I predicted this recession, the foreclosure crisis and the fall of the real estate market well before it materialized last year. Within my circle of friends I am considered Nostradamus when it comes to the financial markets. So when people ask me about the Alpaca Market today and in the future, I thought I would do some research and pondering and come up with my predictions for the future of the industry.
Many nay-sayers would tell you that the alpaca market is a speculative bubble. A "speculative bubble" is defined by Webster's as "A rapid but often short-lived run-up in prices that is caused by irrational exuberance, rather than the basic underlying fundamentals of the market." Tulips in the 1630s and internet stocks in the 1990s are examples of this. Both these events were short lived and prices went up rapidly and when the bubble burst prices came down even more rapidly.
Let's break down this definition into two parts:
- A rapid but often short-lived run-up in prices: Alpaca prices have been stable for 15+ years in the United States and only recently have seen a decrease in price. There was never a run-up in prices and the decrease has been gradual and not rapid by any means. I attribute this both to the economic downturn as well as panic selling by smaller breeders who were not well capitalized from the start.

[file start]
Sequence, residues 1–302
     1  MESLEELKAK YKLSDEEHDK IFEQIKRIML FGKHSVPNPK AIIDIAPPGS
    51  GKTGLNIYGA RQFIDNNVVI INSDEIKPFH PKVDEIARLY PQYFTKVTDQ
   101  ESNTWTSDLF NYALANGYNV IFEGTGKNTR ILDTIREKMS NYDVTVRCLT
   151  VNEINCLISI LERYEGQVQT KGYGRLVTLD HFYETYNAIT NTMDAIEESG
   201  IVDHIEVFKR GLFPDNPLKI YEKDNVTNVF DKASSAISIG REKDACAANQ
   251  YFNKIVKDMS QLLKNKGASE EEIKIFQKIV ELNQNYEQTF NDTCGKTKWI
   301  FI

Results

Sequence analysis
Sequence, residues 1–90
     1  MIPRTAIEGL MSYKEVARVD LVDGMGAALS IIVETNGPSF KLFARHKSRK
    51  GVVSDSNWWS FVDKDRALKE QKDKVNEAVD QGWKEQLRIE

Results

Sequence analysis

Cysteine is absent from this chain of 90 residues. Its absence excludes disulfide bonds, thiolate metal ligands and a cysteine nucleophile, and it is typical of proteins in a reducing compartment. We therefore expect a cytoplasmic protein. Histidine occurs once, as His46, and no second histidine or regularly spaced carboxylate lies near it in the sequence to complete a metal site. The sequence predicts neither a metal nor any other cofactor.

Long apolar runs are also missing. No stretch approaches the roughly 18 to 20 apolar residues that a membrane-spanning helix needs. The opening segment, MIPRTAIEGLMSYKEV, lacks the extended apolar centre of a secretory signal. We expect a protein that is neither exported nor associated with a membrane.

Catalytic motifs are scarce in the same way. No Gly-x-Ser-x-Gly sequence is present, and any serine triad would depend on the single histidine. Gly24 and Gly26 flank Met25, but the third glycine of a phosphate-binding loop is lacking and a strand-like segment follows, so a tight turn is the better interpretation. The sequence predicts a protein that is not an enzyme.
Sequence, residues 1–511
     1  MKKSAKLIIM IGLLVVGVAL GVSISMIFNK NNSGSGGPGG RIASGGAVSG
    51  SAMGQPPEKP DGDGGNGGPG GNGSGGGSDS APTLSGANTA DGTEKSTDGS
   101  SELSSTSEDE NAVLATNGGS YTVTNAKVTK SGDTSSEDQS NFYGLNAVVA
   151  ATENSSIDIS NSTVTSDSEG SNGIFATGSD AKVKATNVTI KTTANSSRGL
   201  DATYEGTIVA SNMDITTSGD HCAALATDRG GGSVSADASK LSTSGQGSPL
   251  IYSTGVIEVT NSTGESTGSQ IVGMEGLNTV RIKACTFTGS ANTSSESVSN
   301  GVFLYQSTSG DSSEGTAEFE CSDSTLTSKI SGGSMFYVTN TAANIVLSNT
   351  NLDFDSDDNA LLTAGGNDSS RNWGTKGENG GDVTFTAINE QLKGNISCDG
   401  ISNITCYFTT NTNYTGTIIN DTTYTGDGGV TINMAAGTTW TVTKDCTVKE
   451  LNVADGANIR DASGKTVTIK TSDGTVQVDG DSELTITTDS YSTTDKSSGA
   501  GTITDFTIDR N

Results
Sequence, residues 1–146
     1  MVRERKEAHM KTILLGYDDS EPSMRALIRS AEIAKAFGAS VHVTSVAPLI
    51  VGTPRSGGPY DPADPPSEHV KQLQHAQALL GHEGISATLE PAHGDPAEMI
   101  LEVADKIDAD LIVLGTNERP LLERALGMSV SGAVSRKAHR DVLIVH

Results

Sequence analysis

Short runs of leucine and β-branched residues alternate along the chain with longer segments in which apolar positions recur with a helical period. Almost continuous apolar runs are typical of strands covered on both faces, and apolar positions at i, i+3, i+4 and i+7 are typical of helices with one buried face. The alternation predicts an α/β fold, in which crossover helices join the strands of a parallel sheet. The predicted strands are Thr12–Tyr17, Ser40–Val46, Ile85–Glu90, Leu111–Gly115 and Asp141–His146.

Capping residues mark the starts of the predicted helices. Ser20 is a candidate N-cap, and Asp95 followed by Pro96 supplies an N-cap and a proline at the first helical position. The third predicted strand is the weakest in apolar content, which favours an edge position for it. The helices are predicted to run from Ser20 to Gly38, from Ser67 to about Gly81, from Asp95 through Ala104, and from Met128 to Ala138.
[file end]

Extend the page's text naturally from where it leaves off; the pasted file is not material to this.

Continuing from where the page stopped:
- Caused by irrational exuberance, rather than the basic underlying fundamentals of the market: Exuberance is what all alpaca breeders feel every time a cria is born! However, irrational exuberance would not describe me or any of my fellow quality breeders. There is a solid underlying fundamental in the alpaca market in the form of fiber. My fiber and yarn sales account for a large portion of my overall income and even more so in this economy. If alpaca breeding for investment and livelihood was irrational, then so is every livestock and agricultural model in the country.
- Prices will continue to stabilize in 2Q and 3Q 2010 and will be more realistic for the average consumer.
- Sales of breeding stock will increase in 2010 year over year
- Sales of breeding stock will increase in 2011 and eclipse 2009 and prior years due to lower entry points and more "average" folks getting involved
- Local and regional organizations will find creative ways to make showing more affordable for the smaller farm or risk not getting the participation enjoyed in the past
- Newer breeders coming into the business in 2010 and 2011 will treat it as a business and make the industry stronger for that
- Breeders will come together in more cooperatives in order to propel the fiber industry forward. There is gold in that fleece and we need to mine it!
- Auctions will no longer feature the best of the industry and will become a clearing house for lower quality animals
Please let me know your thoughts!!!